Babesiosis and the U.S. Blood Supply


Nymphal tick (above) is approximately the size of a poppy seed.

Babesiosis is a preventable and treatable disease spread in nature by the bite of certain types of ticks. These ticks carry microscopic parasites that can infect and destroy red blood cells in humans. People can get infected with Babesia parasites in several ways:

  • by the bite of an infected tick (most common)
  • by getting a blood transfusion from an infected donor of blood products
  • by congenital transmission—from an infected mother to her baby (during pregnancy or delivery)

Tick-transmitted infections with the parasite Babesia microti, the most common cause of babesiosis, have been reported from parts of the Northeast (New England, New York, New Jersey) and parts of the upper Midwest (Wisconsin and Minnesota). Ticks carrying other types of Babesia have been detected in different areas of the country, including the West Coast. Transmission from ticks to humans usually peaks during warm months. However, transfusion and congenital cases can occur anywhere, at any time of the year.

Babesiosis can be a severe, life-threatening disease, especially in people who have other illnesses, who are elderly, or who do not have a spleen. However, some individuals may have no symptoms and feel fine despite being infected.


Can babesiosis be transmitted by transfusion in areas where it’s not spread by ticks?

Yes. Because individuals who donate blood travel, and blood products are shipped around the country, babesiosis can be transmitted in areas that are not considered high risk for infection. In addition, bloodborne babesiosis may occur year-round, not only in warmer months when risk for tickborne infection peaks.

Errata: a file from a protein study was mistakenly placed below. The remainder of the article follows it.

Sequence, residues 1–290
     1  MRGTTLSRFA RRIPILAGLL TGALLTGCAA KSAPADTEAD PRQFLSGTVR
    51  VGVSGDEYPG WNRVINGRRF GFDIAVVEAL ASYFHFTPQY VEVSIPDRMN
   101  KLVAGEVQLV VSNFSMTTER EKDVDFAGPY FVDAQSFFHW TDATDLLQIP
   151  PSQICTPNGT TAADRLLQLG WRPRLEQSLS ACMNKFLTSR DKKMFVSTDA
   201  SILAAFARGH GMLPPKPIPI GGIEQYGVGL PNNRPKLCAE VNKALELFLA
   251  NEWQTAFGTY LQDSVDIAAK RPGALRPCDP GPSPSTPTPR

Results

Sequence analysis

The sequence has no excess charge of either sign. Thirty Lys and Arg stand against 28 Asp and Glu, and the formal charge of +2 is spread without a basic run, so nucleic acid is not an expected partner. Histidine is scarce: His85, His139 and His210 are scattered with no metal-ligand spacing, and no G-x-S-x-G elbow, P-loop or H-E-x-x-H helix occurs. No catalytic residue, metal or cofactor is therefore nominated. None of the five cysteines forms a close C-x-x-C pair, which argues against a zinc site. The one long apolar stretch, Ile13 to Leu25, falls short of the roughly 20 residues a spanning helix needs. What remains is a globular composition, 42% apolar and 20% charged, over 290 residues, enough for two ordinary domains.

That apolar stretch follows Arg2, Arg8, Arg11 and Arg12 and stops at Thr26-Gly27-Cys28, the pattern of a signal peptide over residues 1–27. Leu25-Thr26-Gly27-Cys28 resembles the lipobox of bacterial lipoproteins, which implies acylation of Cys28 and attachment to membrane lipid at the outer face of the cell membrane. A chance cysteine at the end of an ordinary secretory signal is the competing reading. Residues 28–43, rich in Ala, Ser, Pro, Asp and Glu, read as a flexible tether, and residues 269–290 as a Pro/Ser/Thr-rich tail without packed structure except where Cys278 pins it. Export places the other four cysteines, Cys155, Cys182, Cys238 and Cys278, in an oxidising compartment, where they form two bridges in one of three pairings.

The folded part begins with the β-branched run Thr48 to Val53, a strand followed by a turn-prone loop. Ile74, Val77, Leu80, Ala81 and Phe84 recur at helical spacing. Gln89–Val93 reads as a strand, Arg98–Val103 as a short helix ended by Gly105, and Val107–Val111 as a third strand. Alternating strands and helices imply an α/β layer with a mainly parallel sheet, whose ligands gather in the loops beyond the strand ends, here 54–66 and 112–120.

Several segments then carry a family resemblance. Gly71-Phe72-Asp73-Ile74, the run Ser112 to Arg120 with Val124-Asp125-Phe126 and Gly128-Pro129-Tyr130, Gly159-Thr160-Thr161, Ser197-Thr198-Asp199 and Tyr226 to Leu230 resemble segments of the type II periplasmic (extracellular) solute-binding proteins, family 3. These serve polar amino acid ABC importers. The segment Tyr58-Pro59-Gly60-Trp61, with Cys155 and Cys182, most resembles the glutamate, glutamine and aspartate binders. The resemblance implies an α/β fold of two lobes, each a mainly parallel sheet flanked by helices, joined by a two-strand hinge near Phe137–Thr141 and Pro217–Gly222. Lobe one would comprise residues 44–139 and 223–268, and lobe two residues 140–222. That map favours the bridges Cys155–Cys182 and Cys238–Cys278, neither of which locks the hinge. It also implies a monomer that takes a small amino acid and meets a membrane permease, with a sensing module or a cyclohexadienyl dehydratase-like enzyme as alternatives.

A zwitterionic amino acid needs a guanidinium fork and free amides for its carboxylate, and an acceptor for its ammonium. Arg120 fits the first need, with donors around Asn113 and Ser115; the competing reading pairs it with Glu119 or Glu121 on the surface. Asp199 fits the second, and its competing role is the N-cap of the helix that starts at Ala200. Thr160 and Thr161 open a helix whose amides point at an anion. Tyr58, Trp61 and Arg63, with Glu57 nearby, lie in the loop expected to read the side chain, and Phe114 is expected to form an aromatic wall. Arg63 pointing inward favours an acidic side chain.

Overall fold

Are U.S. blood donors being tested for babesiosis?

No. There currently is no Babesia test approved by the Food and Drug Administration (FDA) available for screening prospective blood donors. Some manufacturers are working with investigators at blood establishments to develop FDA-approved tests for Babesia for donorscreening purposes.

Does Babesia pose a risk to people who receive blood products?

Yes. Although bloodborne transmission is thought to be uncommon, babesiosis is the most frequently reported transfusion-transmitted parasitic infection in the U.S. It remains an important concern.


How to protect yourself from tickborne babesiosis:

The best ways to prevent tickborne babesiosis are by avoiding areas where ticks live, controlling ticks around your home, wearing repellent when outdoors, finding and removing ticks from your body, showering soon after being outdoors, and examining outdoor gear and pets for ticks.


What CDC is doing to address babesiosis:

CDC and state health departments conduct surveillance to monitor babesiosis across the U.S. In January 2011, the disease was added to the list of Nationally Notifiable Conditions, which means state health departments are encouraged to share information about cases of babesiosis with CDC.

CDC works in partnership with state and local health departments to:

  • Provide reference diagnostic testing for babesiosis
  • Provide consultation for health professionals to help them care for patients with babesiosis

Future plans include:

  • Continue to track transfusion-transmitted infections in collaboration with state and local health departments
  • Monitor reports of tickborne infection to determine if the disease is spreading to other parts of the country and to identify emerging strains of Babesia that may cause human disease
  • Work with partners to develop prevention strategies, including a potential blood donor screening test for babesiosis

For more information on babesiosis, please visit

Page last reviewed: May 27, 2021